“Thirteen Senses is not only a stirring memoir of a single marriage but also a timeless love story.”
Thirteen Senses is an authentically absorbing story. Continuing the thread of the bestselling Rain of Gold, the memoir recounts the long and frequently stormy marriage of Villasenor's immigrant parents, the unforgettable and
apparently unrelenting Salvador and Lupe. This vividly rendered story once again justifies the author's decision to return a $75,000 advance for a novel so that he might present his family saga as the gripping true story it is.
Fans of Villasenor's admirable family epic, Rain of Gold (Arte Publico, 1991) will be hard-pressed to wade through this massive, workmanlike sequel. The book's humorous opening at the 50th-anniversary renewal of Villasenor's parents' wedding vows, the "bride" refuses to say "obey" as her sister catcalls from the front pew about the groom's unreliability gives way to a series of simplistic feminist diatribes followed by a nasty family squabble. The author then tracks his mother and father, Lupe and Salvador, through the passionate and turbulent first years of their marriage, always shadowed by Salvador's bootlegging and deceit, always redeemed by Lupe's fiery strength, her bottom-line common sense and a hearty helping of sex. Lupe follows Salvador around Mexico on his criminal and other exploits before putting her foot down; the book leaves them at the start of a presumably lawful, relatively calm life in California. Though the author espouses feminist views, his female characters are one-dimensional, axiom-spouting cultural stereotypes: suffering, saintly and bitter. Where the earlier book offered an enjoyable, unreconstructed representation of early 20th-century rural Mexican culture, here that culture has been infected by a feel-good mysticism that even the California setting doesn't excuse. The story meanders through linguistic anachronisms (no man in 1929 would have said "full Latina hips"), mixed metaphors, aimless digressions, countless exclamation marks and warmed-over New Age imagery like "The Father Sun was now gone, and the Mother Moon was coming up, and the Child Earth was cooling." The author's central question about his parents' relationship "Was it love?" brings a neat ifsuperficial unity to the narrative. 8 pages b&w photos not seen by PW. (Sept. 1) Copyright 2001 Cahners Business Information.
This is a fascinating, if problematic, account of the early married life of the author's parents, a young Mexican American couple living in California and coping with the economic and social effects of the Great Depression. Continuing the family saga he began in Rain of Gold, Villasenor tells of his father, Salvador, an extremely moral man who, paradoxically, bootlegs liquor to earn a living. His young bride, Lupe, who is beautiful and intelligent but also conventional and na ve, is kept ignorant of Salvador's livelihood until she is pregnant with their first child a dilemma the reader will be anxious to see resolved. However, the book delves too much and too often into private prayers and their alleged responses from God, the Virgin Mary, and a host of intervening angels. The theory of 13 senses is intriguing, but one grandmother's know-it-all spirituality becomes tiresome after its fifth or sixth intrusion into the narrative. Villasenor is at his best when portraying the realm of social reality, including the effects of the Mexican Revolution. While libraries will not need yet another spiritual instruction manual, this book merits space on the shelves of most public libraries for the author's skill in depicting his parents' circumstances and social evolution. [Rayo is simultaneously publishing Los Trece Sentidos, the Spanish-language edition of this book, ISBN 0-06-621297-9, $26. Ed.] Nedra C. Evers. Sacramento P.L., CA Copyright 2001 Cahners Business Information.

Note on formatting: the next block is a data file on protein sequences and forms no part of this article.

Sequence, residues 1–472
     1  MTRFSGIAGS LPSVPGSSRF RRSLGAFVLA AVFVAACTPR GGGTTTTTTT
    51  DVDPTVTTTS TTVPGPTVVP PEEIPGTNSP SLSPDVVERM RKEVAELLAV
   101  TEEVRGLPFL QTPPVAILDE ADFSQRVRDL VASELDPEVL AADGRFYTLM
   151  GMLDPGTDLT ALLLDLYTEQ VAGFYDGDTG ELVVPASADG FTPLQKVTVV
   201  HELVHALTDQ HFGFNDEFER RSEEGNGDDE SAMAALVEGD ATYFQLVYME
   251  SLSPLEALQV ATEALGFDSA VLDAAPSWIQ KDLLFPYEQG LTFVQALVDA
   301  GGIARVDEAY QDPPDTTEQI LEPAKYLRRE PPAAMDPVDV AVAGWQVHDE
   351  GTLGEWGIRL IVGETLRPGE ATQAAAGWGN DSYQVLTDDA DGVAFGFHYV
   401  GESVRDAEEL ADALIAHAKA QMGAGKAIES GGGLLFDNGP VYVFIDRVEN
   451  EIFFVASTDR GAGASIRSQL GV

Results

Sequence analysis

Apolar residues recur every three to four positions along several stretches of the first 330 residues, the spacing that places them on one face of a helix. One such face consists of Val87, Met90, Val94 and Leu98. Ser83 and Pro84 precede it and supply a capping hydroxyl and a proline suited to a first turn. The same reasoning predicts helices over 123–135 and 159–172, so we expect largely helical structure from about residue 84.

Coherence takes a backseat to exuberant, purplish prose in this sprawling saga of a family's life in Mexico and the US, sequel to Rain of Gold (1991). Choosing to explain those eponymous senses only in an afterword, Villaseñor writes, "I deliberately didn't list them anywhere in the text, because if I had, then people wouldn't have experienced the book." We're enslaved, he continues, by the first five senses, "the perfect trap to keep us going around in circles inside of our brain computer" instead of the apparently preferable "heart and soul computers," sites of senses six through nine. (Ten through thirteen seem to reside in outer space, along with the author's reasoning.) There's plenty of heart and soul but perhaps too little brain in Villaseñor's overstuffed, undisciplined narrative, which centers on the alternately wacky, dreamy, and difficult lives of his parents, grandparents, and cousins, a melting-pot clan of Indians and Europeans who combined to form "a United Force from two different WORLDS!" Many of the countless anecdotes are little more than shaggy-dog stories, although others carry more weight: the saga of his uncle Domingo, who finally found a long-sought gold mine after many misadventures, then proceeded to drink the proceeds; the end-of-days realization by Villaseñor's mother that she had never told her husband she loved him. The author's passion and talent for storytelling are evident throughout, as are his radiant good humor and devotion to the wisdom of black-clad crones who pop up from time to time in these pages to bliss out over the joys of eating avocado-slathered corn tortillas and watching "silky-thin clouds out over the sea where theFather Sun, the Right Eye of the Almighty, was setting." A little of the incessant be-here-now grooviness can go a long way, though readers inclined to New Age sensibilities will find the ever-enthusiastic Villaseñor a pleasant and engaging companion. Author tour